• This is the Jo we need to see more often. The pivot from Revoke to PV was well executed and seemed to be a weight lifted from her shoulders. The “Look, this is what I believe and I think you should stand up for what you believe” attitude is clearly the real Jo. More of the same please.

  • Bernard Aris 5th Dec '19 - 1:56am

    Having watched election campaigns on TV from the 1970’s, and thus tons of campaign interviews, I was mesmerized and sat, as time went on, hopping on my seat from enthusiasm. This is the LibDem way, telling it like it was and is.

    In this election campaign, with
    *) Corbyn sitting on his fence and adding 58 billion to WASPI women OUTSIDE HIS “GREYBOOK” PLATFORM ACCOUNTING, on top of tens of nationalizations ;

    *) and Boris promising everybody everything, knowing Britain will be poorer after Brexit, so he won’t be able to pay all that;

    truth and honesty is our Unique Selling Point.

  • Bill le Breton 5th Dec '19 - 8:34am

    We owe Jo a huge debt of gratitude for fronting this campaign as leader. It is impossible to deny that much of the criticism she has received has been super-charged by misogyny. She also did a very strong interview with Jeremy Vine.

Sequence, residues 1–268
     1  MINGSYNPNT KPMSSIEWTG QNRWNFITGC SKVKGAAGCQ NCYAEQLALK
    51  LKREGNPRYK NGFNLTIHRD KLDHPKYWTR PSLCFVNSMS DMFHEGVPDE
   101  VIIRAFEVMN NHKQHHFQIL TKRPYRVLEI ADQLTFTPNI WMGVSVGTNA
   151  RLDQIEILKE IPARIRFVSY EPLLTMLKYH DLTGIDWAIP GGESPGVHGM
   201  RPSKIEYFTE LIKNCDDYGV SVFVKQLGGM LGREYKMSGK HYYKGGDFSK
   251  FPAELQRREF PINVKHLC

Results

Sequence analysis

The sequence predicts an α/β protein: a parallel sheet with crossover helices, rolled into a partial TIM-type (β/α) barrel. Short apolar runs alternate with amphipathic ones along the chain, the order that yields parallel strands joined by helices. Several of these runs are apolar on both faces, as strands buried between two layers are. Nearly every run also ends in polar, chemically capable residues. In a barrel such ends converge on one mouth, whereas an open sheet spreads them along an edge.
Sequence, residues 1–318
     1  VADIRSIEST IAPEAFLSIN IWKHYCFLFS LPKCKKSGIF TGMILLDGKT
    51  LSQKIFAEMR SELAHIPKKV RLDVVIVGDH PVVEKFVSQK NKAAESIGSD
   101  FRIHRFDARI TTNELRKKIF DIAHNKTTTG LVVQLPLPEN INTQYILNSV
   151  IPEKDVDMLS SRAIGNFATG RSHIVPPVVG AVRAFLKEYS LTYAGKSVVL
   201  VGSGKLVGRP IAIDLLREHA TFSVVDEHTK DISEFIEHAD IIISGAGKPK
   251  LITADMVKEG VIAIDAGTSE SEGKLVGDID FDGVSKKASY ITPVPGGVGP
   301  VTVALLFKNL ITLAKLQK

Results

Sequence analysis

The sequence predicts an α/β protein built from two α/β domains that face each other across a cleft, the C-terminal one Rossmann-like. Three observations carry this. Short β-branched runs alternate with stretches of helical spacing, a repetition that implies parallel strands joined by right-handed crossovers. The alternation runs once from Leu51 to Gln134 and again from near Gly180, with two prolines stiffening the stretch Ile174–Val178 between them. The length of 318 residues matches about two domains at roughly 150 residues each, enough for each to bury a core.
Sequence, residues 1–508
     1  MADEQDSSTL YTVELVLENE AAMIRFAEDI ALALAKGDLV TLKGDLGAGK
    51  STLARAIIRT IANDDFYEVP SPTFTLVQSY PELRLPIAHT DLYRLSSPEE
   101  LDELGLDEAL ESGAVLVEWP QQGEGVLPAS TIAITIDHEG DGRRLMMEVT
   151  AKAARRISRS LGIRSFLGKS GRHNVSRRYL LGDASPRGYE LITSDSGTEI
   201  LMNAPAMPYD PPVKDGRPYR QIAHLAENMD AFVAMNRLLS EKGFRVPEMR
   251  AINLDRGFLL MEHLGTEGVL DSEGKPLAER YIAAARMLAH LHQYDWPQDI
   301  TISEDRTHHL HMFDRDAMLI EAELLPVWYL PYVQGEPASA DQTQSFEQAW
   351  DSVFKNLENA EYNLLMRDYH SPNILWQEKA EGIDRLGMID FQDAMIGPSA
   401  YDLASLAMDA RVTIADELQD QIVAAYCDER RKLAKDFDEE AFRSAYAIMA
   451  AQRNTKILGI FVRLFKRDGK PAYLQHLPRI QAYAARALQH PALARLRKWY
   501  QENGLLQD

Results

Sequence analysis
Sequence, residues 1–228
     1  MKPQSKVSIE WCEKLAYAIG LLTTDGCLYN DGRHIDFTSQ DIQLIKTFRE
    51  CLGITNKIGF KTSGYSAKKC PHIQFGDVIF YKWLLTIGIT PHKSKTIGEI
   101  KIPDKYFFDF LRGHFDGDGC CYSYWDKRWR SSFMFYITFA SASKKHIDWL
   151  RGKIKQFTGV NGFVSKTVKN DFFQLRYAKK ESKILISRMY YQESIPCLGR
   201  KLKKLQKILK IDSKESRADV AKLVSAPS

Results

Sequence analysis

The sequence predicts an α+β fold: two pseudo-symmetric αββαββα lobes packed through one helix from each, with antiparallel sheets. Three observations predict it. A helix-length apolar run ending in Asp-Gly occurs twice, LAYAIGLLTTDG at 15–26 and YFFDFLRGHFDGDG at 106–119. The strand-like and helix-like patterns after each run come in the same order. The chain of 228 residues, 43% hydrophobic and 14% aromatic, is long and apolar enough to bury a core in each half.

• John Marriott 5th Dec '19 - 10:29am

    Just watched it. Yes, she was good, certainly better than JC. One thing, though. In this talk about another referendum, does it HAVE to be a binary choice again? If not, why not have No Deal v Deal v Remain, with voters putting them in order of preference? You probably know the rest.

  • Jo did do very well, and it reminds me how much poorer our political coverage is now that This Week has been repacked with the facile Brexitcast. I think Jo is weighted down a bit, by misogyny, yes, but also by a dislike of Scots leaders south of the border (which is what happened to Gordon Brown).

    More generally, I hope that Jo and everyone else learn not to give Boris what he wants in future, ie an election to get Brexit done when he had in fact just managed that. I hope we also learn that behind the shuffling shambles is a quite keen reactionary brain, and that we don’t underestimate him again.